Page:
14,6

G

37,5

8,3

4,5

3,8

18,4

C

8,6

2,1

4,1

1,4

19,8

I

9,5

2,5

3,8

0,5

20,3

K

4,5

1,4

3,2

1,2

21,5

H

3,0

1,0

3,0

0,7

22,2

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Project expected value (ECV)


Project

PV

Probability of
technical
success

Probability of
commercial
success

Development
cost*

Commercializat
ion cost*

ECV

A

30,00

0,80

0,50

3,00

5,00

5,00

B

63,75

0,50

0,80

5,00

2,00

19,50

C

9,62

0,75

0,75

2,00

1,00

2,10

D

3,00

1,00

1,00

1,00

0,50

1,50

E

50,00

0,60

0,75

5,00

3,00

15,70

F

66,25

0,50

0,80

10,00

2,00

15,50

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Rank
-
ordered list according to ECV/D,
resource constraint 15 mil


Project

ECV

ECV/D

Cumulative
development costs

Adjusted cumulative
development costs

B

19,50

3,90

5,00

5,00

E

15,70

3,14

10,00

10,00

A

5,00

1,67

13,00

13,00

F

15,50

1,55

(23,00)



D

1,50

1,50

24,00

14,00

C

2,10

1,05

26,00

16,00

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Rank
-
ordered list according to ECV


Project

ECV

Cumulative
development
costs

B

19,50

5,00

E

15,70

10,00

F

15,50

20,00

A

5,00

23,00

C

2,10

25,00

D

1,50

26,00

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ECV model prioritizes more highly the projects
with the following properties:


closer to launch (increase of PV and consequently of
ECV),


higher income streams after launch (increase of PV
and consequently of ECV),


less resources to be spent (decrease of D),


higher probabilities of success (increase of ECV),


utilize less of the constraining resource (it’s easier for
them to be above the line).

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Multi
-
criteria project valuation

input data


Project

IRR

NPV

SI

PTS

A

20%

10

5

80%

B

15%

2

2

70%

C

10%

5

3

90%

D

17%

12

2

65%

E

12%

20

4

90%

F

22%

6

1

85%

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Project ranking


Project ranking procedure is the following


calculate adjusted values of IRR and NPV


multiply them by PTS.


rank projects according to adjusted values of
IRR and NPV and according to SI.


calculate the average value of those three
rankings and use it for final ranking

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Multi
-
criteria project valuation,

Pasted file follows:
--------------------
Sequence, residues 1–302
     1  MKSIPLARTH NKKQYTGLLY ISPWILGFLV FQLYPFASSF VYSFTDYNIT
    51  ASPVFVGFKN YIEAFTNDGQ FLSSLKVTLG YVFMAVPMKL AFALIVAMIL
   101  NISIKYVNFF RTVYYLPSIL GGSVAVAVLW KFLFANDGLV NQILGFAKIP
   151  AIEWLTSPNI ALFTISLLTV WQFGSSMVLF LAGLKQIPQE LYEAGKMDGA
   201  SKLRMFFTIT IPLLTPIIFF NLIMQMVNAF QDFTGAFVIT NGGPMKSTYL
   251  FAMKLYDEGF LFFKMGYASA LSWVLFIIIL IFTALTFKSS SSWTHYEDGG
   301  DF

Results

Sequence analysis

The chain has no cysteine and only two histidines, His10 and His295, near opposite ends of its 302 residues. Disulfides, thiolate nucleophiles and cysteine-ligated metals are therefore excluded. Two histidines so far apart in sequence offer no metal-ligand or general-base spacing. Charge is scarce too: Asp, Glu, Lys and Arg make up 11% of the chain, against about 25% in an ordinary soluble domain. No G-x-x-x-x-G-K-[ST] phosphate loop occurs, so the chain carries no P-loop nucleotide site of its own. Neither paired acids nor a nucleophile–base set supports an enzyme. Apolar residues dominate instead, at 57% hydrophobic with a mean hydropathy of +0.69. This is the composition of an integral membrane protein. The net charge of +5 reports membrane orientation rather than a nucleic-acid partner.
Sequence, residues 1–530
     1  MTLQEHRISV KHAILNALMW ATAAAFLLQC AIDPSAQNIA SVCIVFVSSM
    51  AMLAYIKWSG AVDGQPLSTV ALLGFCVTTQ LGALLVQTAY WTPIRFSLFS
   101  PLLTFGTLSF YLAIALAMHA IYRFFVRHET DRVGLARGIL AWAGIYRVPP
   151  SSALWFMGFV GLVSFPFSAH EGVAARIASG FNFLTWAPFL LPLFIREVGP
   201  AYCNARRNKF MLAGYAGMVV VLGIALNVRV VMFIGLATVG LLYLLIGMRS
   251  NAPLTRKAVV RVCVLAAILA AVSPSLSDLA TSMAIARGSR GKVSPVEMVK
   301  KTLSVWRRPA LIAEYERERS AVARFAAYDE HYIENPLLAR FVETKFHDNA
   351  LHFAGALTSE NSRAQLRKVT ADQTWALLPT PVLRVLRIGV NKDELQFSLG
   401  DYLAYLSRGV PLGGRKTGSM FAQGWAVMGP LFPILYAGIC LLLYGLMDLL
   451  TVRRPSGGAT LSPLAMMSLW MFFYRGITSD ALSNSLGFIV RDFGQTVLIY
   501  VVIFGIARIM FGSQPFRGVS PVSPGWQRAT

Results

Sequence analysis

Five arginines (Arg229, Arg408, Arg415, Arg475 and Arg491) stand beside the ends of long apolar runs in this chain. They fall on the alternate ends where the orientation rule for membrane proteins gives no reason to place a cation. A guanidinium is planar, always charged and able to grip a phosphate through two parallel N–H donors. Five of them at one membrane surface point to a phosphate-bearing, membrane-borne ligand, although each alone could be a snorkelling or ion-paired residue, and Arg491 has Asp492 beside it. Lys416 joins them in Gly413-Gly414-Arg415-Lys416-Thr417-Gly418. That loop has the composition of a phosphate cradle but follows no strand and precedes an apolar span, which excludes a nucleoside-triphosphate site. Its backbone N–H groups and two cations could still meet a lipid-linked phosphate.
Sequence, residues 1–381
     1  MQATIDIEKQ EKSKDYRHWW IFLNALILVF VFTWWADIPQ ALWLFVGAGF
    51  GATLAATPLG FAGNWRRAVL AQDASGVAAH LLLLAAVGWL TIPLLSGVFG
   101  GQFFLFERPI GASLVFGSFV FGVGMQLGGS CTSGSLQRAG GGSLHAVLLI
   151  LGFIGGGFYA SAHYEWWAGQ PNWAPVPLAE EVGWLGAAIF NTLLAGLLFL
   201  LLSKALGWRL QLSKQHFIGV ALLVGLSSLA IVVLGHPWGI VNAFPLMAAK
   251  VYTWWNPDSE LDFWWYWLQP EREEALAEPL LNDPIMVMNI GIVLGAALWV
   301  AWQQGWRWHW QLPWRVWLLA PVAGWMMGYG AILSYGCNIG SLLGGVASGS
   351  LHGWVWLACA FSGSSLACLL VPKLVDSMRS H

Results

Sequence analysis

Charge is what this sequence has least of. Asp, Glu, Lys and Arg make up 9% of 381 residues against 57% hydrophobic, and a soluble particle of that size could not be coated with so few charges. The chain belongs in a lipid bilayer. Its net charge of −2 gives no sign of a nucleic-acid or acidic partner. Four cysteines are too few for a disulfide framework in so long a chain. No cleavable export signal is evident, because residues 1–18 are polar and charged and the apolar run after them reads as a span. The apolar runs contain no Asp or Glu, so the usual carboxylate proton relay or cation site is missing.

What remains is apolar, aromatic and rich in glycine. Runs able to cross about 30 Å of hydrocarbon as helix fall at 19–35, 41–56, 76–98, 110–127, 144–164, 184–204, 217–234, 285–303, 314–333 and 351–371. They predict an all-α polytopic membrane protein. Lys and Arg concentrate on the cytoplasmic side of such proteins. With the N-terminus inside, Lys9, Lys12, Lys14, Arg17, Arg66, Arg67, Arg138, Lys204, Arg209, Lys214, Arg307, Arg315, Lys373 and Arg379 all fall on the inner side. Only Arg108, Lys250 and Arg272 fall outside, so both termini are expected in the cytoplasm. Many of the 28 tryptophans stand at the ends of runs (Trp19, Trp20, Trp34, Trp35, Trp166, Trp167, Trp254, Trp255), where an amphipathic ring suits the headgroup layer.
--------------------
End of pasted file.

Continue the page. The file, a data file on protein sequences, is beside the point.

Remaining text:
final project ranking


Project

IRR * PTS

Ranking
by

IPR*PTS

NPV * PTS

Ranking
by
NPV*PT
S

SI

Ranking
by

SI

Avg
.

Final

A

16,0%

2

8

2

5

1

1,67

1

B

10,5%

5

1,4

6

2

4

5,00

6

C

9,0%

6

4,5

5

3

3

4,67

5

D

11,1%

3

7,8

3

2

4

3,33

3

E

10,8%

4

18

1

4

2

2,33

2

F

18,7%

1

5,1

4

1

6

3,67

4

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Applicability of financial models


M
ain weakness
:

unreliability of input data, especially in
the initial project stage

t
hey should be used only in
later stages.


Small errors in probabilities of success rapidly propagate
and can result in significant differences.


T
he complexity and sophistication of financial models
fairly exceeds the quality of input data


It does not mean that we should not pay proper attention
to financial data in the initial project stages. However, we
should not make decisions solely on their basis; they
should be combined with non
-
financial models

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Scoring models



G
ive very good results.


I
mportant
:

selection of criteria that really separate the
winners from the losers. Such criteria must be based on
the analyses of your own company and other companies
in the same industry. You must develop the expert base
to be used in project valuation.


One of the models described in [Cooper 2001] uses five
main factors:


business strategy fit (2)


strategic leverage (4)


probability of technical success (4)


probability of commercial success (6)


reward to the company (project profitability) (3)

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Goal 2: Balance



In many cases, the project portfolio is not
balanced; often it contains too many small
projects and not enough of radical, visionary but
highly risky projects necessary to maintain the
company competitiveness.


Suitable tools for creation of the balanced
portfolio are bubble diagrams; most frequently
used diagram is the risk


reward bubble
diagram, which is used by 44 % companies

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Risk
-
Reward bubble diagram


Reward vs. risk
0
10
20
30
40
50
60
70
0,00%
10,00%
20,00%
30,00%
40,00%
50,00%
60,00%
70,00%
PTS
reward
PEARLS

OYSTERS

BREAD
&

BUTTER

WHITE
ELEPHANTS

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Diagram quadrants


Pearls
: potential „star“ projects: high probability of
success, high expected reward. We would like many of
such projects.


Oysters
: highly speculative projects: low probability of
success, high expected reward. Here the breakthroughs
pave the way for solid payoffs.


Bread and butter
: simple projects, high probability of
success, low expected reward. Often too many of them
in the portfolio, consuming substantial ratio of resources.


White elephants
: low probability of success, low
expected reward; projects that are difficult to kill, often
from personal reasons.


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Goal 3: Strategic alignment



Strategy and allocation of resources are closely
linked: until we start allocating resources to
specific activities, strategy is only paperwork. In
portfolio creation we will follow the following
objectives:


Projects are aligned with business strategy;


All projects contribute to achievement of strategic